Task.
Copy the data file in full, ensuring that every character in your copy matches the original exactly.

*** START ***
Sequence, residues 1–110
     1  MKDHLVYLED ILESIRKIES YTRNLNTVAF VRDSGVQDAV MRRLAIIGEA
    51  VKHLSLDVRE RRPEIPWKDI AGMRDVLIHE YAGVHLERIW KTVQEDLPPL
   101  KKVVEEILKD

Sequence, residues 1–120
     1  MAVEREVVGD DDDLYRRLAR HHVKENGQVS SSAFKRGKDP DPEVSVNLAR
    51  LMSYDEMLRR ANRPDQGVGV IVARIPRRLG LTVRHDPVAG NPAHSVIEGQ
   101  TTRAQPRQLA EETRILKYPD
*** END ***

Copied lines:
Sequence, residues 1–110
     1  MKDHLVYLED ILESIRKIES YTRNLNTVAF VRDSGVQDAV MRRLAIIGEA
    51  VKHLSLDVRE RRPEIPWKDI AGMRDVLIHE YAGVHLERIW KTVQEDLPPL
   101  KKVVEEILKD

Sequence, residues 1–120
     1  MAVEREVVGD DDDLYRRLAR HHVKENGQVS SSAFKRGKDP DPEVSVNLAR
    51  LMSYDEMLRR ANRPDQGVGV IVARIPRRLG LTVRHDPVAG NPAHSVIEGQ
   101  TTRAQPRQLA EETRILKYPD